The sharks in this movie are largely different to anything we’ve seen before, with them being battle-scarred and having been forced to adapt to their environment. Is there anything particular you used as inspiration for these creatures?
With this one, we were playing around a lot. I had done a standard shark movie with the first one and I just wanted to try something a bit different - in that shark movies tend to always be the shark is so quick, it’s frantic, you’re like, “What the fuck is going on?” Because these people are all trapped down there, I wanted to do a John Carpenter movie with sharks. I wanted to do Halloween with sharks. The shark comes down a corridor slowly towards you and there’s nowhere you can go, you can’t get away. I was having fun with that and then really gnarling up the sharks. I based them on a mixture of Greenland sharks and great whites, and I came up with this new species of shark that’s evolved in these caves. I really had fun giving them their character and then shooting them in a very different way to what I had ever seen done in a shark movie. It was basically doing a slasher movie with sharks. Things like Halloween and Christine. For me, I kind of wanted to have the sequences where you see the shark before the person. It’s just behind them, it’s just gliding along. I wanted to have these sequences of it coming down corridors and there’s nowhere that you can go. I was just having fun with a Michael Myers shark.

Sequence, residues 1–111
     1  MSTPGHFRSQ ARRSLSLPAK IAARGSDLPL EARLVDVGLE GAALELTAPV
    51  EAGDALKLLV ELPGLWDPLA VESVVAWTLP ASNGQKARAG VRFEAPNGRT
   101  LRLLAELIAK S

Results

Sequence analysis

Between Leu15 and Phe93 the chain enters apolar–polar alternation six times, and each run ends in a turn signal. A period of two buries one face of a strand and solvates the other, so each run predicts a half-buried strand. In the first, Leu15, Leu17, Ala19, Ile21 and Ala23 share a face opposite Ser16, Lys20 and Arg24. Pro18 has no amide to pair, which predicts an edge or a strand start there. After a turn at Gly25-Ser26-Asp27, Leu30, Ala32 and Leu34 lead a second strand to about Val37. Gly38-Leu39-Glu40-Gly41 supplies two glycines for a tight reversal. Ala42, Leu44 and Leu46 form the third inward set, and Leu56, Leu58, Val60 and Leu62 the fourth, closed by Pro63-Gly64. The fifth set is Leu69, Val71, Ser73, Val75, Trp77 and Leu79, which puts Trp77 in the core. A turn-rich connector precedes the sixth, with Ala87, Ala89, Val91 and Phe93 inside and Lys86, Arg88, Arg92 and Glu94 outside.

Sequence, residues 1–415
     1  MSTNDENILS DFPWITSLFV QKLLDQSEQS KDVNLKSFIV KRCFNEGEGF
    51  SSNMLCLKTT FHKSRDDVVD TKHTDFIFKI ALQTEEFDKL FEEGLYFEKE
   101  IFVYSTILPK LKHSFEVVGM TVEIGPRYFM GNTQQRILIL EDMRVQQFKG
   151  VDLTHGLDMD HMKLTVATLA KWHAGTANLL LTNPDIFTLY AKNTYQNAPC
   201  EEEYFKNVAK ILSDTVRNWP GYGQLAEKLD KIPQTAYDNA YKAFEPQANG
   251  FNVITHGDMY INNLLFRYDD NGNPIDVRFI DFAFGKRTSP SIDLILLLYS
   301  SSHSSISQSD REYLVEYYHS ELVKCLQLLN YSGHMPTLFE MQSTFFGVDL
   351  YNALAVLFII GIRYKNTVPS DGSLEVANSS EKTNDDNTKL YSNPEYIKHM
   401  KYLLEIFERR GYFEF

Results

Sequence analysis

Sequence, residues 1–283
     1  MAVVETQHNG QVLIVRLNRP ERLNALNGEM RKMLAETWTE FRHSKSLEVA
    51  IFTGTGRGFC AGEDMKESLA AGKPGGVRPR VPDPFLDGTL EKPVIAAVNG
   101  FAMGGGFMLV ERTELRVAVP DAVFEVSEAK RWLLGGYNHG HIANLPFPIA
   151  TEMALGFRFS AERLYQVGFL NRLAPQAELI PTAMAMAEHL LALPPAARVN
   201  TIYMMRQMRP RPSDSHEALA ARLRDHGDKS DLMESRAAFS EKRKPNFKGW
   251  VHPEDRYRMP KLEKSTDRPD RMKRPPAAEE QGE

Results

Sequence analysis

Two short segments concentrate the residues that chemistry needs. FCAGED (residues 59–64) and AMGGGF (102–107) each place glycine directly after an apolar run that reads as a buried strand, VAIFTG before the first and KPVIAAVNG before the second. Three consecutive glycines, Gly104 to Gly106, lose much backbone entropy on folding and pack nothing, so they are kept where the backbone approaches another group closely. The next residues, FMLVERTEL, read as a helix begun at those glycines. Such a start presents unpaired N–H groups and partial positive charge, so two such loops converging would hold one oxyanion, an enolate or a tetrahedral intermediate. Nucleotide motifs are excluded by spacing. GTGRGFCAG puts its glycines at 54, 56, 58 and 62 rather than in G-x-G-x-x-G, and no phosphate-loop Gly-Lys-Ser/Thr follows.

When we last spoke to you during Strangers: Prey at Night’s release, you mentioned how you had a wish to one day tackle a Christine remake. Is that something you’ve put any more feelers out there for?
I’ll always try and persuade someone to let me do that. As I’m sitting here in my office, I have an original Christine advert from a London newspaper, and somebody’s bought me a plastic Christine assemble kit which I’ve yet to make. It’s one of those movies that I’d love to remake, and equally I probably don’t ever want to do. I love the movie so much, and it probably should be left alone. Let someone else fuck it up. I don’t know. If I could get hold of it, then maybe one day.
There have been two 47 Meters Down movies to date, but are there any plans in place to push forward with a third film?
We haven’t officially announced a third, but we’ve now crossed over $110 million worldwide. There will definitely be a third. I think I personally, as a director, have taken my 47 Meters Down journey to its completion, but yes, we are definitely in talks at the moment for a third one.
You’re on board to direct the upcoming reboot for the big-screen Resident Evil franchise. While you’re obviously sworn to secrecy on that project right now, is there anything you can tell us about the film?
I’m sitting in front of the script at the moment. I think that we’ll be announcing the cast pretty soon – in the next couple of weeks. We’re getting there. It’s an exciting time. It’s a really fucking great project. I don’t know what I’m allowed to say or not allowed to say. The aim for me is to return to the very classic Resident Evil tone and style. This should be a very, very scary movie.
And with that, our interview with Johannes came to an end… but not before he gave us some ‘off the record’ Resident Evil info. While we can’t go into specifics, it sounds as if franchise fans are in for an absolute treat.
47 Meters Down: Uncaged is out now on DVD – and you can find our review here.